The employer can set specific eligibility criteria for participation and may even exclude employees who receive these benefits through a union.

  • Annual contribution limits: Employers have to make 2% non-elective contributions or 3% matching-contributions to the plan. The annual contributions for employees max out at $13,500, along with a catch-up contribution of $3,000 for those above 50 years.
  • Withdrawals rules: Early withdrawals from a SIMPLE IRA come with a penalty of 10% to 25%, along with regular income taxes on the withdrawn amount.
  • Investment options: Most SIMPLE IRAs are managed by leading financial brokerages or professional management firms (Vanguard, Fidelity), which limits investment options to traditional investment choices.

SEP IRA

A Simplified Employee Pension (SEP) IRA is a retirement plan for small business owners, sole proprietors, corporations, and partnerships. SEP IRAs are famous because of their higher contribution limits in comparison to traditional IRAs, ease of establishment and lower maintenance cost.

In terms of flexibility, SEP IRAs allow employers to skip contributions during challenging periods. Employees above 21 years with a work history of three years and annual compensation above $600 qualify for SEP IRA contributions.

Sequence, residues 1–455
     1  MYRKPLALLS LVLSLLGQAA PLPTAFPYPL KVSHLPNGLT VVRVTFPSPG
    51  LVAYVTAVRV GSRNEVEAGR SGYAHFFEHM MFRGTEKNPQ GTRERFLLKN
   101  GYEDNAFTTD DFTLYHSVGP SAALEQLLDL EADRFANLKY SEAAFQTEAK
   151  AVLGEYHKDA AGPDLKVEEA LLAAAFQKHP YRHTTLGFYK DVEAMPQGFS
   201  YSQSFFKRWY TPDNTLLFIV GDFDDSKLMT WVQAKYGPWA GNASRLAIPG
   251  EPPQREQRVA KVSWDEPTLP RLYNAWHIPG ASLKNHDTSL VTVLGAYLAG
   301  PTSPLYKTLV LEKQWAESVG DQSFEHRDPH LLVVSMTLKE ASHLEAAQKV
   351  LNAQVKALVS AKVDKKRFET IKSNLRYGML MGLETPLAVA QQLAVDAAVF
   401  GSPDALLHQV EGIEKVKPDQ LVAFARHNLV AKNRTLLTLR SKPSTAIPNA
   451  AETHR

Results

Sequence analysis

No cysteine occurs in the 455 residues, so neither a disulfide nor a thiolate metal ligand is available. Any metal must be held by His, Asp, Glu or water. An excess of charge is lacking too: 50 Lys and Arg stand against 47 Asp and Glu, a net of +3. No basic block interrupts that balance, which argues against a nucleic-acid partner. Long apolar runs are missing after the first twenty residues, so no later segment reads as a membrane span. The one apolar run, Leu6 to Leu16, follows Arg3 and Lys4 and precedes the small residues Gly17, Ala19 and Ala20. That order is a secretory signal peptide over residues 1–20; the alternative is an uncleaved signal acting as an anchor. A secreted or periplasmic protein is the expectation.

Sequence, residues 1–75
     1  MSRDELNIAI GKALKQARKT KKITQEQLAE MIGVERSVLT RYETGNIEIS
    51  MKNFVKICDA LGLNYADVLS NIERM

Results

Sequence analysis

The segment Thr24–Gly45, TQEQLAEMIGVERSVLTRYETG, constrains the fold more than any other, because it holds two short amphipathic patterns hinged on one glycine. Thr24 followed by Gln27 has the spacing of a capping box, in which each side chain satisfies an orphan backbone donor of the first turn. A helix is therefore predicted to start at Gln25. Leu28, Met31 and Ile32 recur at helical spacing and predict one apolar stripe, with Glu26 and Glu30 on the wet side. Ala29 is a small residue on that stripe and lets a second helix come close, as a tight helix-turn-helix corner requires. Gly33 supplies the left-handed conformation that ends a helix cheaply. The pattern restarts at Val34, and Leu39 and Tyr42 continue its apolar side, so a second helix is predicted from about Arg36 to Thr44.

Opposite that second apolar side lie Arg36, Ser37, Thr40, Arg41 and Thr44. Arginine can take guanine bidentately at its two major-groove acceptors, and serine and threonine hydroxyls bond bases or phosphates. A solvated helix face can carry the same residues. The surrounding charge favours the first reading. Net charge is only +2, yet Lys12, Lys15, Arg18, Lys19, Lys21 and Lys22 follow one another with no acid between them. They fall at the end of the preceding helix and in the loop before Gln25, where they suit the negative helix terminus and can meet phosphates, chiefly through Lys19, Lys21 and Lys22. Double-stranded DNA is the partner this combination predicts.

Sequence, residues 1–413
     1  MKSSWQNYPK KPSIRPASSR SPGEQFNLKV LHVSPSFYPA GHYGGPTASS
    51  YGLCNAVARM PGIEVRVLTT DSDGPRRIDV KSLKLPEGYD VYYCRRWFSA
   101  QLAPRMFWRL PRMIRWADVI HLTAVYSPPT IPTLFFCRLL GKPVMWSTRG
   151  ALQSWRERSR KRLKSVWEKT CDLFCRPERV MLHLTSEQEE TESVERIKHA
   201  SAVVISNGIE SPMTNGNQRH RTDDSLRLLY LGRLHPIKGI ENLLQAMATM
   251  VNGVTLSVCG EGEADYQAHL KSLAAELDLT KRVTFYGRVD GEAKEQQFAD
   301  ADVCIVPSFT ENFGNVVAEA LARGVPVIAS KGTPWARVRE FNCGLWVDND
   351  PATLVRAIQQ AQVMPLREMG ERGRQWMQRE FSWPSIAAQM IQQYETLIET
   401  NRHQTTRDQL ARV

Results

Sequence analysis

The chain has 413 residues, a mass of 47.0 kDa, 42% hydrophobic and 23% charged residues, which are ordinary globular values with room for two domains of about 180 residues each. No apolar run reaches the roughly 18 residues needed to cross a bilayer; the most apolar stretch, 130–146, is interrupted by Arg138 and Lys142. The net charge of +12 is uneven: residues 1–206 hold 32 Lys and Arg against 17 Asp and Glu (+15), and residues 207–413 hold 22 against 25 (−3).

• Eligibility: Sole proprietors, partnerships, corporations are eligible for SEP IRA plans.

In the case of employees, the eligibility criteria involve:

  • 21 years or older
  • Work history of three years or more
  • Annual compensation exceeding $600.
  • Annual contribution limits: 25% or employee compensation or $58,000, whichever is lesser. The annual compensation limit for contributions is set at $290,000 for 2021.

SEP IRAs do not offer catch-up contributions.

For sole proprietors, they can contribute 25% of profits minus their SEP contributions. Here is what the IRS recommends for calculating SEP IRA contributions.

  • Withdrawals rules: The same rules apply to SEP IRAs as that of a traditional IRA when it comes to withdrawals.